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When asked about colour management I always tell people to start with calibrating their monitor.
Without this first step you are most likely building your colour managed workflow on sand.
If you can't be sure an image looks right on your own monitor, then what can you be sure of?
Accurate colour and projectors never used to go together...
Digital projectors are now relatively cheap and of higher performance (brightness/contrast/resolution), so that people are more often looking at using them them for 'serious' use.
Just like monitors, they can be calibrated and profiled, although in this case you are profiling the combination of projector and the screen you are projecting on.
- Just in case you are still wondering just what this 'Colour management' stuff is, I've a very short guide to colour management page that might be of help.
- It includes links to other articles on this site and elsewhere.
- There are also links to further information at the end of this article.
The i1 Beamer is the holder for your i1 Pro spectrophotometer.
It's very easy to clip the spectro into place, and the solid metal base gives a sturdy feel to the unit as a whole.
The flip up arm that holds the spectro can be tilted for when it comes to setting up the device for measurement. The holder fits in a space in the i1 carry case.
The second part of the setup, is the software to carry out the profiling. This is actually the Eye One Match software I've looked at in previous reviews.
Eye One Match already has the required features built in, they just need activating with a code corresponding to the serial number of your i1 Pro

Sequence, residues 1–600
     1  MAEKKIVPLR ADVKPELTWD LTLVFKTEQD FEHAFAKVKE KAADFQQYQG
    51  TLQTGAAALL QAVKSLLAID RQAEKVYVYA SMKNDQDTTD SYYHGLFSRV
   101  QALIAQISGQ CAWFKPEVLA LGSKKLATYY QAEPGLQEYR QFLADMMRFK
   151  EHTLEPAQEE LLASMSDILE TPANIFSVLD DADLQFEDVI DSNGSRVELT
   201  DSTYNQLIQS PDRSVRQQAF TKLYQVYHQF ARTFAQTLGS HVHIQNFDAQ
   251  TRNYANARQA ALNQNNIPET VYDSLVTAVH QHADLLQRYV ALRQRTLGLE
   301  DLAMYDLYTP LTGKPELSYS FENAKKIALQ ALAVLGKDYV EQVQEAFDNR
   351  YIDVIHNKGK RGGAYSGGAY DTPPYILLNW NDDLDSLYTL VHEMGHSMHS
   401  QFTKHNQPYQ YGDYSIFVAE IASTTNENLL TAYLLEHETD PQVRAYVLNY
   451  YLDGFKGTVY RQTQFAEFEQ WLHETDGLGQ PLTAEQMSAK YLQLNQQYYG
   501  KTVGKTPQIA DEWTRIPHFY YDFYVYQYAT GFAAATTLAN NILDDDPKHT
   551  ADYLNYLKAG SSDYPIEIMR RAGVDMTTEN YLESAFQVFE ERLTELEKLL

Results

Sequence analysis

Your software licensing information is actually held inside the i1 device itself.
The i1 diagnostics application is used for updating the license. (I'll have more to say on pricing options and the like in the conclusions)
If you look at the underside of the base, you can see a standard 1/4 inch threaded tripod fixing.
The knob sticking out of the side locks the support arm (folded flat in this case).
The screen shot below shows all the various profiling options available in Eye One Match (V3.6.2 in this instance)
- Note that I'm looking at the Apple Mac version of the software. The Windows version looks almost the same and has the same functionality (see also the conclusions for other slight differences)
I've selected projector profiling...
The spectro needs calibrating first of all.
This is where the little shutter in front of the sensor comes in.
For taking measurements I've mounted the device on a small tripod
The tripod allows you to point your i1 accurately at the screen.
You start the positioning process by pointing the unit at your screen
The screen will flash a few colours and display the view below
If you move your mouse over the image above you can see what happens as you move where the unit is pointing.
After setting the centre of the screen, some black circles are displayed - there's no reason given but I assume it's part of the software making sense of the data from the positioning step.
Then the screen goes lots of different colours, and after some activity, the software invites you to save a named profile for the projector.
That's it ... your projector is profiled.
There are a few more advanced options available, which -might- produce better results for your particular projector.
The i1 Beamer allows you to calibrate projectors quickly and easily
Default settings are native white point and a Gamma of 2.2
Using native white point generally gives a brighter output, which is more important with projectors than normal LCD monitors (which people often set too bright anyway)
The advanced options have some additional info on choices.
You might well find that with some projectors, the display looks better at another setting.
Another issue is lighting in the environment where you are working. The software suggests doing profiling in darkened surroundings.